If you need assistance with elder care planning or you and your siblings cannot agree on a plan, please let me help you.  Call my office to schedule a free half hour consultation.

 

Mother’s Day

Many of us this Mother’s Day are taking care of our Moms rather than having them take care of us.  The circle of life.

I share the following blog with you which brought tears to my eyes.

http://blogs.timesofisrael.com/for-mothers-day/

If you need assistance with making elder care decisions for your Mom, let me help.

 

National Healthcare Decisions Day

April 16 is National Healthcare Decisions Day.  This day is a reminder of the importance for each of us to articulate our medical wishes now in case we can’t speak for ourselves later and to share them with those who matter. It is also a reminder to call our parents, older loved ones and friends and discuss with them how important it is for them to let others know of their medical wishes.

Use April 16th as a day to think about your own healthcare decisions and update your advance directive/living will if needed.  If you don’t have a proxy for healthcare and a living will, use this day to think about those documents and contact an attorney to begin the process of preparing them.

If discussion of these issues is uncomfortable to have with your parents and siblings, call me to schedule a family mediation so that all interested family members can participate in the discussion in a non-threatening and confidential environment.

 

 

Family Mediation To Plan For Your Parents’ Long Term Care

When we are young, our parents take care of us.  As our parents age, they may need us to take care of them.  It may be very difficult for our parents to have that discussion with us.  They don’t want to impose.  They are not accustomed to discussing their financial situation with us, their children.  No one in the family may be comfortable raising the issue of long term care and end of life decisions.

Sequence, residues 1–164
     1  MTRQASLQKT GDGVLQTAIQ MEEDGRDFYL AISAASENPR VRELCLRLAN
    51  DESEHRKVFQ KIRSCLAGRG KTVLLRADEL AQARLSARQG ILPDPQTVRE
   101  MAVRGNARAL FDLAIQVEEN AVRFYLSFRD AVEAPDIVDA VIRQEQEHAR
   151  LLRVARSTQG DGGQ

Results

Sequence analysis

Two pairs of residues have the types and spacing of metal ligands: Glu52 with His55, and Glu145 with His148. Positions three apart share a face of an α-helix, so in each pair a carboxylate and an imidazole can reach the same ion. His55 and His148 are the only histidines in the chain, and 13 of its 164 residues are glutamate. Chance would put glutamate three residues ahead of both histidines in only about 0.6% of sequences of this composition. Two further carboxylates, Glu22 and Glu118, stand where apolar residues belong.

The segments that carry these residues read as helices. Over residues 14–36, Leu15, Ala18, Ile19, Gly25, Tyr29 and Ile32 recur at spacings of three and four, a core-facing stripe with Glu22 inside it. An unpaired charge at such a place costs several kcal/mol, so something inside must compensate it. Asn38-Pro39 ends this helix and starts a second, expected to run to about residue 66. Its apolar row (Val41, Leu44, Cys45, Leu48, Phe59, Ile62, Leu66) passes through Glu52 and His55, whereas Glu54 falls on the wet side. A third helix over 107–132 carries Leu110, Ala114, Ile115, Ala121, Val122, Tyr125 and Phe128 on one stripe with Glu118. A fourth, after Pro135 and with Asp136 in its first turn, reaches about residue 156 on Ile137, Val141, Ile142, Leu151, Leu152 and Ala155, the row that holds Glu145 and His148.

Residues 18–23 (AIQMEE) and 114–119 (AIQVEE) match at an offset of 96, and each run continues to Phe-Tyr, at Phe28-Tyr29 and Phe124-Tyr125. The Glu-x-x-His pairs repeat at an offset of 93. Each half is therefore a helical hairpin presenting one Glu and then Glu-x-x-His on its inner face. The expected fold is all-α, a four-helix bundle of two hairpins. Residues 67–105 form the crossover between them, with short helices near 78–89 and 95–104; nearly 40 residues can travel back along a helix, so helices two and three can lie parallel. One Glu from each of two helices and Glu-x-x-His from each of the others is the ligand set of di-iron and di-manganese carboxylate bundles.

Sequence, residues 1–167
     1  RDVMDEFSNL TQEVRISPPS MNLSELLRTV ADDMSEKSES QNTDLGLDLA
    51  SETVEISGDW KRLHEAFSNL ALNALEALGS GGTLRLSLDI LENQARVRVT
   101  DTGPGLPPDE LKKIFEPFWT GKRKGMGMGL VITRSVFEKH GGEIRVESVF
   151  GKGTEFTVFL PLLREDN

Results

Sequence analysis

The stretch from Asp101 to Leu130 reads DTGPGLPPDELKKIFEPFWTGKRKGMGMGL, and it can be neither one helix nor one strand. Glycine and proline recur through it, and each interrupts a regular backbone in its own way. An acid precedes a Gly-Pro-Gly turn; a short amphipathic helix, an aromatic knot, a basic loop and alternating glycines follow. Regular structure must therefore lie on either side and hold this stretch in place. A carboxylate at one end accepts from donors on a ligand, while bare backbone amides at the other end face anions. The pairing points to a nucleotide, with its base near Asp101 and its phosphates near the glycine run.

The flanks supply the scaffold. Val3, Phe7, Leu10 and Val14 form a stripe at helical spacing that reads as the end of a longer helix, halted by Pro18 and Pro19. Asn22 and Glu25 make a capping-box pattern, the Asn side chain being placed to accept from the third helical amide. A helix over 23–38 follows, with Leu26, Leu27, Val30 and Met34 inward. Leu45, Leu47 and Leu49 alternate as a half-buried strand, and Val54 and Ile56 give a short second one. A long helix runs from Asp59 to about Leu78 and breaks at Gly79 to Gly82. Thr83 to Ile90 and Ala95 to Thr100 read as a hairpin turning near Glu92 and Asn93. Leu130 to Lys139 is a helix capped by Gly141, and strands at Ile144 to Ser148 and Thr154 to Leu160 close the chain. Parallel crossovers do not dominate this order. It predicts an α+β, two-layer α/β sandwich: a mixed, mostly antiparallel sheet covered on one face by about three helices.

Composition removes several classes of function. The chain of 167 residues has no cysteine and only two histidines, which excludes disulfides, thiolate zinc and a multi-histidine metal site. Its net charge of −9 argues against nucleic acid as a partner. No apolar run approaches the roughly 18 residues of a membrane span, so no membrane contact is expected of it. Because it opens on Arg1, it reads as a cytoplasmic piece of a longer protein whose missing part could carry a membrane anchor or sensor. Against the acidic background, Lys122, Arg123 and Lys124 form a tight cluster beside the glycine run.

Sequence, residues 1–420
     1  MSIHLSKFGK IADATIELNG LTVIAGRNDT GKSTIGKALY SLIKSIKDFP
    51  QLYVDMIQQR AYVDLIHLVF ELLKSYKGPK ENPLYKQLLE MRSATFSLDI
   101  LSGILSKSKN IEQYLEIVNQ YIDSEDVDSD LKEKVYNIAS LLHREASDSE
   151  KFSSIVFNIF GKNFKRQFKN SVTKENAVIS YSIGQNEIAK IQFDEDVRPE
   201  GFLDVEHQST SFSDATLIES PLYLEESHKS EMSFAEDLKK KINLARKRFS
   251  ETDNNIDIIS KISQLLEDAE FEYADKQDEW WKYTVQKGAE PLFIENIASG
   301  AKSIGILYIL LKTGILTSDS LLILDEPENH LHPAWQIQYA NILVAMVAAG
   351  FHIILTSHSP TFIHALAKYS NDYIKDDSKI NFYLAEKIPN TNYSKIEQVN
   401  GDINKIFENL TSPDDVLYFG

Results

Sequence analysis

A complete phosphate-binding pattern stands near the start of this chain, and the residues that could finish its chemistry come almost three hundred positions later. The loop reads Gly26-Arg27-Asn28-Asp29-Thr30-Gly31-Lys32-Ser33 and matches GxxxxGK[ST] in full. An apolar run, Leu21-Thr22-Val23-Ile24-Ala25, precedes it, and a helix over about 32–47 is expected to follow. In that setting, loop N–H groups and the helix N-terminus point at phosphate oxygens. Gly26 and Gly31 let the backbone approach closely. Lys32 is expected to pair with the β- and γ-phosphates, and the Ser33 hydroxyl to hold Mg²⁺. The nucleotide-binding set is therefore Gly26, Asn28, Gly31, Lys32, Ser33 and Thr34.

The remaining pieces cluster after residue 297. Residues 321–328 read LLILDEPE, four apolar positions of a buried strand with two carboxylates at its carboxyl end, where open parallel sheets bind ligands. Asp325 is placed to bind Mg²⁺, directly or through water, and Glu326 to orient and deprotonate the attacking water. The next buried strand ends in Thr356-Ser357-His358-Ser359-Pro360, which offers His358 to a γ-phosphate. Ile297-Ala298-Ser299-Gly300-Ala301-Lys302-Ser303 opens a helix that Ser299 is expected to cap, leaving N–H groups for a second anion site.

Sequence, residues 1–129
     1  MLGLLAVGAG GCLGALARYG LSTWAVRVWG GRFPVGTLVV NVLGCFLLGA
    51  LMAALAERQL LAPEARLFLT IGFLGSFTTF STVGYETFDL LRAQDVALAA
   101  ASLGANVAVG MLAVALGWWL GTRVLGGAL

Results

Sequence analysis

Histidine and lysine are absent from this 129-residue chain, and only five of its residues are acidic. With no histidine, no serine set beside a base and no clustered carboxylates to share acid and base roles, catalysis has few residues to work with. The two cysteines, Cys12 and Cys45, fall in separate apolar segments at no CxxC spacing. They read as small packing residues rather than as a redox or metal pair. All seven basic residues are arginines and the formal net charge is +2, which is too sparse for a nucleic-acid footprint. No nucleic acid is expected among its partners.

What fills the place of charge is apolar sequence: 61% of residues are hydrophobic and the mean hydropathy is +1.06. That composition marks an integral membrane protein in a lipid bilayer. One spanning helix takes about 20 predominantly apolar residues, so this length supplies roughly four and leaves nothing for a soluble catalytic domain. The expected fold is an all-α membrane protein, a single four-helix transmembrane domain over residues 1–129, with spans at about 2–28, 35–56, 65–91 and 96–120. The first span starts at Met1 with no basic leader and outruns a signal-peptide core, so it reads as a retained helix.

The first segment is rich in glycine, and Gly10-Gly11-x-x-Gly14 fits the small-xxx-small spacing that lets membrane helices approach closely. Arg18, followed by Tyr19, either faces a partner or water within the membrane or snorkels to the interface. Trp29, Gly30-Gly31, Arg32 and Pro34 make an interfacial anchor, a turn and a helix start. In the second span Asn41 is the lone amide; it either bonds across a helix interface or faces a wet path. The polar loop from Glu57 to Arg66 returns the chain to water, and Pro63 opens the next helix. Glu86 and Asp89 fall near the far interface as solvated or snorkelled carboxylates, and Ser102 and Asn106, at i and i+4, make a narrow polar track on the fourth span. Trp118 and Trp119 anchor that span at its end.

“What is most difficult, I think, are the situations in which family members cannot agree with one another and they argue about everything from course of treatment to choices that may impact their loved one’s comfort. It happens more often than you would think and, perhaps, more often than it should.”  http://blogs.timesofisrael.com/family-times/ Family Times, by Carol Silver Elliott, President and CEO of The Jewish Home Family.

As a mediator I bring family members together in a safe and confidential environment to facilitate the discussion of these issues.  Please contact me if you need help.

 

Being Kind

I just read a blog written by Carol Silver Elliott, President and CEO of the Jewish Home Family and wanted to share it with you.  To Be Kind, http://blogs.timesofisrael.com/to-be-kind/